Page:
Toby said he would tow me into the waves if I wanted to. I didn’t really believe him, but if he weren’t going to surf Nazaré in his Ho Stevie! combination, I thought I had to try it myself. Sunday was supposed to be much smaller than Friday, but it was really hard to judge its actual size – we were hoping for 20ft waves. I started nagging Toby into towing me, but when he finally agreed, my excitement turned to nervousness.

Nazare Training Toby Cunningham Ho Stevie

Toby Cunningham gives me the ropes. Photo: Steve Mara.

The night before, Toby gave me the three-minute version of how to surf Nazaré:

1. Do whatever Toby says.
2. Stand up as for wakeboarding (we used a board without straps, so this proved extremely difficult, holding the board against my feet with one hand while holding the rope with the other).
3. Toby will put me in the right place, I just need to let go of the rope and ride the wave.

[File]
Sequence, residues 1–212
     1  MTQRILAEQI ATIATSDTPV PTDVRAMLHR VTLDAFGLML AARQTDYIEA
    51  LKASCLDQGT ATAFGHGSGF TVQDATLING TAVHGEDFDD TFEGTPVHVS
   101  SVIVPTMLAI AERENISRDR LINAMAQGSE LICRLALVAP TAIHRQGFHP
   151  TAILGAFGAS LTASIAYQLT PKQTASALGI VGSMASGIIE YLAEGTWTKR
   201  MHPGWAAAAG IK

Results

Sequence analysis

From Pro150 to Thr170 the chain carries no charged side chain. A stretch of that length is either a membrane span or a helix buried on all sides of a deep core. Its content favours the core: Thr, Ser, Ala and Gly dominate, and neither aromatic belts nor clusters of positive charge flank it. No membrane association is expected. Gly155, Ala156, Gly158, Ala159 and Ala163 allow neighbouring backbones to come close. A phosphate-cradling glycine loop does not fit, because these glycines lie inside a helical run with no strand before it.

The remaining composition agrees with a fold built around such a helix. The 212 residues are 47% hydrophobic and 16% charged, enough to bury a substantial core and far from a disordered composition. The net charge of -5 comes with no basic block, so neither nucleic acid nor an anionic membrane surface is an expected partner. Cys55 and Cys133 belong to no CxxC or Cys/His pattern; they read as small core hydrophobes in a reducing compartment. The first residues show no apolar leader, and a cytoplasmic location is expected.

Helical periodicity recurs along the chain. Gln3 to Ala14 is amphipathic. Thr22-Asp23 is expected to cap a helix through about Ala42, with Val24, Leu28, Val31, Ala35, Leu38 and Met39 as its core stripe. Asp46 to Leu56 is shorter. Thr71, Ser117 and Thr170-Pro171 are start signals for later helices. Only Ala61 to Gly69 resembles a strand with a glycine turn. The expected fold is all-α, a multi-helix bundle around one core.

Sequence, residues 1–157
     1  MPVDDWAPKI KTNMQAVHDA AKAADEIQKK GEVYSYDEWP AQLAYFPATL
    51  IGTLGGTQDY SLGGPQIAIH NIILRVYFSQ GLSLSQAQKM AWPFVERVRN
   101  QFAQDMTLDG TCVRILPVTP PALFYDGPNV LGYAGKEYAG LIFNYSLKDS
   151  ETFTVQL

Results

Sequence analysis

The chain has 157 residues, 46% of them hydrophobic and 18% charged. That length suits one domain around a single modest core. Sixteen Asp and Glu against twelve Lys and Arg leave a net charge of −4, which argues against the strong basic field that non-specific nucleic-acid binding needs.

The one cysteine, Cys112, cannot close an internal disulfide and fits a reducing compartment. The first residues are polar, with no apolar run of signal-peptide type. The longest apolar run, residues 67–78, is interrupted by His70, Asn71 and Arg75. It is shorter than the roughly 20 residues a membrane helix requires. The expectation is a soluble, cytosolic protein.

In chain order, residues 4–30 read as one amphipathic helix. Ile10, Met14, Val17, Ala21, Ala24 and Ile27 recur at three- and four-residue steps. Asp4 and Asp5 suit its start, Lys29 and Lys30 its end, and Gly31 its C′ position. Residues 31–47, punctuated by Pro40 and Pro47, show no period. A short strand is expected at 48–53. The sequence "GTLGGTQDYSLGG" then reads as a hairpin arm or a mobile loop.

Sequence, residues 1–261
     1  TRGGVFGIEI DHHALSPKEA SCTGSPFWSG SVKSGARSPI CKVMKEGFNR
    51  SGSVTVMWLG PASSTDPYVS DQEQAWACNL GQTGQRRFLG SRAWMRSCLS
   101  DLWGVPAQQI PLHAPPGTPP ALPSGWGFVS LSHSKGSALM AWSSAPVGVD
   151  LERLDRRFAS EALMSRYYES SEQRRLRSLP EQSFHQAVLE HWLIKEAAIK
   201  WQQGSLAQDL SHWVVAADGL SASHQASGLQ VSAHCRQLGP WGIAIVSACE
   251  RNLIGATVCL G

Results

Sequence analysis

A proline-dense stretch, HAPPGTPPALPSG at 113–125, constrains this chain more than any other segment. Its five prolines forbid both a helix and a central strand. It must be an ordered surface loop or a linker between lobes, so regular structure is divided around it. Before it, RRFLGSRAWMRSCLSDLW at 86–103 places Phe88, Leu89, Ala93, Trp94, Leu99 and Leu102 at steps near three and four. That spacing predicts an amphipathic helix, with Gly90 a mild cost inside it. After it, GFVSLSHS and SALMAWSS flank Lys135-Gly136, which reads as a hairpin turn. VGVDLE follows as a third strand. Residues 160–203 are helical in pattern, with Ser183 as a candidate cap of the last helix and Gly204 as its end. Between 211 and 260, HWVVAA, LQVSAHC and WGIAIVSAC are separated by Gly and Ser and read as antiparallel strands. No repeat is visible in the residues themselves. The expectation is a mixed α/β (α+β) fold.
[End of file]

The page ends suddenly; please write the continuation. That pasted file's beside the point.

4. When I come out of the wave, look at Toby, don’t look at the wave and panic (this also turned out to be harder than it looked).
5. Throw the board onto the rescue sled under me and hold on tight.

And just like that, I was ready to be a big wave surfer.

An empty lineup in Nazare

An empty lineup in Nazaré. Photo: Steve Mara.

There were maybe three surfers paddling the waves Sunday morning and a jet ski cruising. I don’t practice breathing, but the thought I reassured myself with was that if I wiped myself off on a 20-30 foot wave, I would only have to hold my breath for 10-20 seconds. But the plan was not to fall.

We went to the marina, mounted the ski and sailed to the lighthouse. By this time in the afternoon the other surfers had left and we had Nazaré to ourselves. Literally just me and Toby. Unreal! When you are on the cliff of Nazaré, it is easy to see the sets coming. But when you’re sitting in the water, all you see are mountains of water moving in what seems like every direction. I just had to believe that Toby would put me in the right place.